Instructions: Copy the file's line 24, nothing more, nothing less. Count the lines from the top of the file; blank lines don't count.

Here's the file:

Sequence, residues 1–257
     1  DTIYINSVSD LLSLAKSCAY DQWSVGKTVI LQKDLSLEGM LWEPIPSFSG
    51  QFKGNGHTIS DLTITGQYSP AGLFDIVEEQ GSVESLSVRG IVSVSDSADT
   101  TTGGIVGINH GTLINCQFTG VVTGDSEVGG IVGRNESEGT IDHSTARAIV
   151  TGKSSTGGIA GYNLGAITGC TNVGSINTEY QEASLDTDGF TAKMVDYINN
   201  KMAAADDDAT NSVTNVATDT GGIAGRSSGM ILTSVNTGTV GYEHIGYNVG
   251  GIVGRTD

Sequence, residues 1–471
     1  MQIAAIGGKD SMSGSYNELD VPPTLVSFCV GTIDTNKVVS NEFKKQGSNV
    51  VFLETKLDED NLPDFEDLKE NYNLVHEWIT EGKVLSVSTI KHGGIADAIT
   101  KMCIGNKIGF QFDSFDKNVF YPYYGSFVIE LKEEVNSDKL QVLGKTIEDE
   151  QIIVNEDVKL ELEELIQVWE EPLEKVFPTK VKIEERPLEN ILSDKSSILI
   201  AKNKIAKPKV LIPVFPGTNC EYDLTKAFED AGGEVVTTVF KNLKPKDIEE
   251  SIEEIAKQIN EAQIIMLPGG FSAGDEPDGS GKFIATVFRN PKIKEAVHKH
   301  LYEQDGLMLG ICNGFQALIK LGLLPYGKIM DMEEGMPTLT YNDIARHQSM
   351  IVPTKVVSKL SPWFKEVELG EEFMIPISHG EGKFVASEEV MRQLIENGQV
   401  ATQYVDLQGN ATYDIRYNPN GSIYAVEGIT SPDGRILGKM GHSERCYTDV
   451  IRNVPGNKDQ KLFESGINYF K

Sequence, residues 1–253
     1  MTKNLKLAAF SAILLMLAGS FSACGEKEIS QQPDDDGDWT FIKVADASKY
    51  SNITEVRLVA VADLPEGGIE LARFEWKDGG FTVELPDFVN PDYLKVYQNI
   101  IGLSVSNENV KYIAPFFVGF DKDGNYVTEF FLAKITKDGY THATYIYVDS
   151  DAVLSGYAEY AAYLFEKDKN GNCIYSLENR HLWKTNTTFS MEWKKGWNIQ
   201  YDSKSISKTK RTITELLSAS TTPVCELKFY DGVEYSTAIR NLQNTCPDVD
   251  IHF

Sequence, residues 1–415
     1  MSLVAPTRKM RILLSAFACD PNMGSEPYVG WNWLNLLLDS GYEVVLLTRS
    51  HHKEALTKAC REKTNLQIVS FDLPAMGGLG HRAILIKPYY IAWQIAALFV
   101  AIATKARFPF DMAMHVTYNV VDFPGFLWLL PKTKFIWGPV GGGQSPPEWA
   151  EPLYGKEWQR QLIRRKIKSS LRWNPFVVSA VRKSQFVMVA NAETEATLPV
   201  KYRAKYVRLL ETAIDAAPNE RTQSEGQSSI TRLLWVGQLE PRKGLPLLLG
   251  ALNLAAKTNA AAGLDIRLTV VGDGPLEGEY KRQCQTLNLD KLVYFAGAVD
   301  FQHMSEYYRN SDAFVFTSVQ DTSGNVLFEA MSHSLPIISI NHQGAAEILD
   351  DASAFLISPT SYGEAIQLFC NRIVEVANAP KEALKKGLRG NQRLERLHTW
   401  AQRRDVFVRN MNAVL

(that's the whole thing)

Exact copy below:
   201  YDSKSISKTK RTITELLSAS TTPVCELKFY DGVEYSTAIR NLQNTCPDVD